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Local Understanding and Practices Related to IMCI Interventions in Eastern Tanzania

Mayombana, C. C. (2004) Local Understanding and Practices Related to IMCI Interventions in Eastern Tanzania. Doctoral thesis, University of Basel.

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This PhD thesis presents findings of the health seeking component of the Tanzania Essential Health Intervention Project (TEHIP). It was carried out from 1998 to 2001 in two districts of southern Tanzania where Integrated Management of Childhood Illness (IMCI) was introduced in 1997. The rationale is that best IMCI services are of little benefit, if they do not reach community and household levels. Caregivers need to understand and comply with IMCI core principles, i.e. learn to recognize the correct danger signs and seek prompt and effective treatment. The goal of our study was to contribute to increasing “community effectiveness” (Tanner et al. 1993) of health care in the study districts. Our specific objectives were to generate local knowledge to better adjust the IMCI interventions to local health seeking behavior and to improve the ways in which caretakers identify and manage common childhood illness. We define health seeking to encompass three dimensions: 1) health concepts including signs and symptoms recognized by the community; 2) aetiology comprising interpretations and explanations of illness; and 3) help seeking referring to home management and all forms of seeking help from experts, whether these are neighbors, traditional healers or health care staff. We first investigated the local illness terminology and the relative importance of symptom recognition and labeling in care-seeking. We found that local illness terms overlap with biomedical classifications such as “malaria”, but this overlap does not constitute direct correspondence. Caregivers rarely see a link between malaria and convulsions and create new links between convulsions and polio, tetanus and epilepsy. We identified intra-cultural diversity in symptom recognition and severity ranking of the same illness. Caregivers search for illness labels which are not only a name but contain information about treatment. In this search they face difficulties due to two reasons: 1) different illnesses produce similar symptoms, and 2) different persons provide changing and even contradictory advice and information. We introduce the term “fuzzy concept” and suggest that fuzziness can be explained by the diverse manifestations of malaria, by intra-cultural variability and/or by culture change confronting individual persons with multiple meanings. In a second step we analyze local aetiologies which we consider equally important for appropriate care-seeking as prompt recognition of danger signs and symptoms. Community aetiologies of IMCI related illness encompass a wide spectrum ranging from natural to supernatural causes. Some caregivers act on these notions, others are not interested in causes, and the majority remains ambivalent and pragmatic. A closer analysis of malaria-related aetiology shows that caregivers clearly attribute malaria to mosquito bites but have fragmented knowledge about the aetiology of homa (fever) and degedege (convulsions). We suggest that aetiological uncertainty leads to difficulties in therapy choice and thus to pragmatic ambivalence. In a third step we assess care-seeking in actual illness episodes. Caregivers make extensive use of formal health care facilities, not only for homa and malaria but for most other IMCI related illnesses. Exceptions are the folk illnesses degedege and kimeo (elongated uvula). The basic distinction found in many parts of Africa also applies to our study sites: 1) mild and “normal” malaria is first treated at home and if not cured brought to a formal health care facility; 2) severe forms of the disease presenting convulsions are rarely considered as malaria but as a distinct illness entity requiring traditional treatment at home or from a traditional healer. Our most important finding is that many children who suffer and sometimes even die from convulsions have had not only a history of homa but have even been diagnosed and treated for malaria in a health facility before they developed convulsions. In the fourth and final step we examine the impact of malaria care-seeking patterns on childhood mortality. Our findings show that nearly 80 percent of malaria-attributable deaths used modern biomedical care as a first resort, both in the form of antimalarial pharmaceuticals from shops or formal health care services. If care was sought more than once in these fatal cases, modern care was included in the first or second resort in 90 percent with convulsions and 99 percent without convulsions. There clearly is an urgent need for a thorough analysis of what is happening in these cases. Health providers often formulate the problem of recurrent illness in terms of a delay in treatment or a lack of adherence to treatment regimes. We argue that victim blaming does not bring us any further. Our case studies demonstrate that many mothers make an enormous effort in time, energy and money searching for the best care for their child. They should be supported rather than blamed by the health system.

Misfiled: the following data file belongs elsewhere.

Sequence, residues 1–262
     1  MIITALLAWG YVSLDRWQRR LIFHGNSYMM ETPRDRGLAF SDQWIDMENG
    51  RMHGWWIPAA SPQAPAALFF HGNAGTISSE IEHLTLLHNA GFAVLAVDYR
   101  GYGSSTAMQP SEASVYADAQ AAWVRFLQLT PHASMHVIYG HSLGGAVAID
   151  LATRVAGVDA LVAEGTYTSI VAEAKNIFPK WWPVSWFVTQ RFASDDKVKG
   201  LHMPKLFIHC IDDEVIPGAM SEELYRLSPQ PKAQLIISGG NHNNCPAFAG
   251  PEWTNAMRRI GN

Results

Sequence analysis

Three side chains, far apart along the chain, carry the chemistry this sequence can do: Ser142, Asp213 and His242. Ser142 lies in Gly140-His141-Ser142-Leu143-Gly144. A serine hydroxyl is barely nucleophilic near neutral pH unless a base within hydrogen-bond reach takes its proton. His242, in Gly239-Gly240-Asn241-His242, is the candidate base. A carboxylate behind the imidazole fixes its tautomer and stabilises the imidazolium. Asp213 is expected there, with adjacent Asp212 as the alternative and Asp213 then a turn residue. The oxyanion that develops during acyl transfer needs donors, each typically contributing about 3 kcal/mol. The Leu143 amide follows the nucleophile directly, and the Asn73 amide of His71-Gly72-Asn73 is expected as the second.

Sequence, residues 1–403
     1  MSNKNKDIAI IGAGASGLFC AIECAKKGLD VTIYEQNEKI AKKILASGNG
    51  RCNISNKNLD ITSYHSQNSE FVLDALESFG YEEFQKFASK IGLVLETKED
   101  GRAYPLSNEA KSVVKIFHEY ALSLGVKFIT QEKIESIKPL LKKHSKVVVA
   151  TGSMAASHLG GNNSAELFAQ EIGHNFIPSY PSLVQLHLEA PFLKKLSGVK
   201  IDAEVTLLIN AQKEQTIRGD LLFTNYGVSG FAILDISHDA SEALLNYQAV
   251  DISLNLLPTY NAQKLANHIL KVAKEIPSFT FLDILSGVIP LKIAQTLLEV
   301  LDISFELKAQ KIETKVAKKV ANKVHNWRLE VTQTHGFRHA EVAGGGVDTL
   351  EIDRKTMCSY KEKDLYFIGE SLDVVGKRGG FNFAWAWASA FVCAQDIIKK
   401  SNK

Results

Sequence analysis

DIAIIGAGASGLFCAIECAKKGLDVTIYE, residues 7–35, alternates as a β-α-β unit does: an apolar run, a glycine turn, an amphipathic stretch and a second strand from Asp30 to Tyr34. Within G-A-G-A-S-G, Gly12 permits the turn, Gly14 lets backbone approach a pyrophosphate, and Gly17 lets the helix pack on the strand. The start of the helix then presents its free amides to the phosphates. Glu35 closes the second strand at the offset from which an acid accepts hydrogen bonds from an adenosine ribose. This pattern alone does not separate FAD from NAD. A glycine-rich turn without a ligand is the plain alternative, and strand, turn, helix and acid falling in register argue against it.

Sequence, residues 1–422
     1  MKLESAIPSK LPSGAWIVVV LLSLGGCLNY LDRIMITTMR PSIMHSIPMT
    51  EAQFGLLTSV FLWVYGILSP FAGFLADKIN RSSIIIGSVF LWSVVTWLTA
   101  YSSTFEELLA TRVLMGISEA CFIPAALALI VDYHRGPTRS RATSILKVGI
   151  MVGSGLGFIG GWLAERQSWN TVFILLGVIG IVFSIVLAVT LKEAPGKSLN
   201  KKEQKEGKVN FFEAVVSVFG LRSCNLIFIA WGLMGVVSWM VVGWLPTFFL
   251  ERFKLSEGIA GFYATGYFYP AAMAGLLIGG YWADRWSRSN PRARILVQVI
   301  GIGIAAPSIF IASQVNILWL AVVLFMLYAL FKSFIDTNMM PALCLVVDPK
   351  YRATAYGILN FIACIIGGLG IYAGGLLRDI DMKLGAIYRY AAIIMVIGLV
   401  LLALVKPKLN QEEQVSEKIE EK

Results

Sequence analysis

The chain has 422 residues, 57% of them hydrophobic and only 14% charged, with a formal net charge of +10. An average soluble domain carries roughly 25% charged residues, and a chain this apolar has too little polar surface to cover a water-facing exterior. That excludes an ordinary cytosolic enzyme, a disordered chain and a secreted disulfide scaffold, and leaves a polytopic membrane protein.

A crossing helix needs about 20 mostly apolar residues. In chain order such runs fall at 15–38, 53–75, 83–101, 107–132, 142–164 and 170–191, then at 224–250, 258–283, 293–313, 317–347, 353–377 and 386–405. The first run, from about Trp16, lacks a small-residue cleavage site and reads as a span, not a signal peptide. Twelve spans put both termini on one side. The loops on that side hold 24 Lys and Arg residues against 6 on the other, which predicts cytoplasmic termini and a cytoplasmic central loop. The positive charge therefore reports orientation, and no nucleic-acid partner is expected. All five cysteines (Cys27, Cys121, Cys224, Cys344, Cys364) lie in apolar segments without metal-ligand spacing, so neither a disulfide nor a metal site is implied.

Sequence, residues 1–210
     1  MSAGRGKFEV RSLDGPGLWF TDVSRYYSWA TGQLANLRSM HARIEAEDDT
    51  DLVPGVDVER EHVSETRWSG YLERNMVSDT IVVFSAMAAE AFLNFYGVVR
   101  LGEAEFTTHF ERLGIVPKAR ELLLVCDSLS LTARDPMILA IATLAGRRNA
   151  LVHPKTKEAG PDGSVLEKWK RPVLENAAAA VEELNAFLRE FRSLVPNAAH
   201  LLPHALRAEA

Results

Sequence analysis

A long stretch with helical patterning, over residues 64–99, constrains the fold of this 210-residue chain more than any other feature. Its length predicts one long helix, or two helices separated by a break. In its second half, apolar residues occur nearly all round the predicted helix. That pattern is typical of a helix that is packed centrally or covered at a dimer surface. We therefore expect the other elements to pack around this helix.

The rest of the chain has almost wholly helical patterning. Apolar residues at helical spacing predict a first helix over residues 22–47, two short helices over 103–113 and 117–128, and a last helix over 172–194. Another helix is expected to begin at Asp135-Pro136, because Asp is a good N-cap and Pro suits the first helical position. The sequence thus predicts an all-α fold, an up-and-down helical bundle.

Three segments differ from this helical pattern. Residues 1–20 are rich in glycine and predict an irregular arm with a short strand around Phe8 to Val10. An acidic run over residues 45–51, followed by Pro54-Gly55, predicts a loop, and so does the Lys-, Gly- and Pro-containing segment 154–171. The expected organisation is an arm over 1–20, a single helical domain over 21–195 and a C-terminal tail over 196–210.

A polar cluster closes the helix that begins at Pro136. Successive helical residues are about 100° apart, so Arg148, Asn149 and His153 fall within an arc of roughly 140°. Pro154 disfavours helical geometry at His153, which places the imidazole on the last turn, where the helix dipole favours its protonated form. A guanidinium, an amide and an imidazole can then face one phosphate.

Item Type: Thesis (Doctoral)
Keywords: Malaria, Mosquito, Treatment, Mortality, Tanzania
Subjects: Malaria > Diagnosis & treatment
Divisions: Other
Depositing User: Mr Joseph Madata
Date Deposited: 19 Feb 2013 08:50
Last Modified: 19 Feb 2013 08:50

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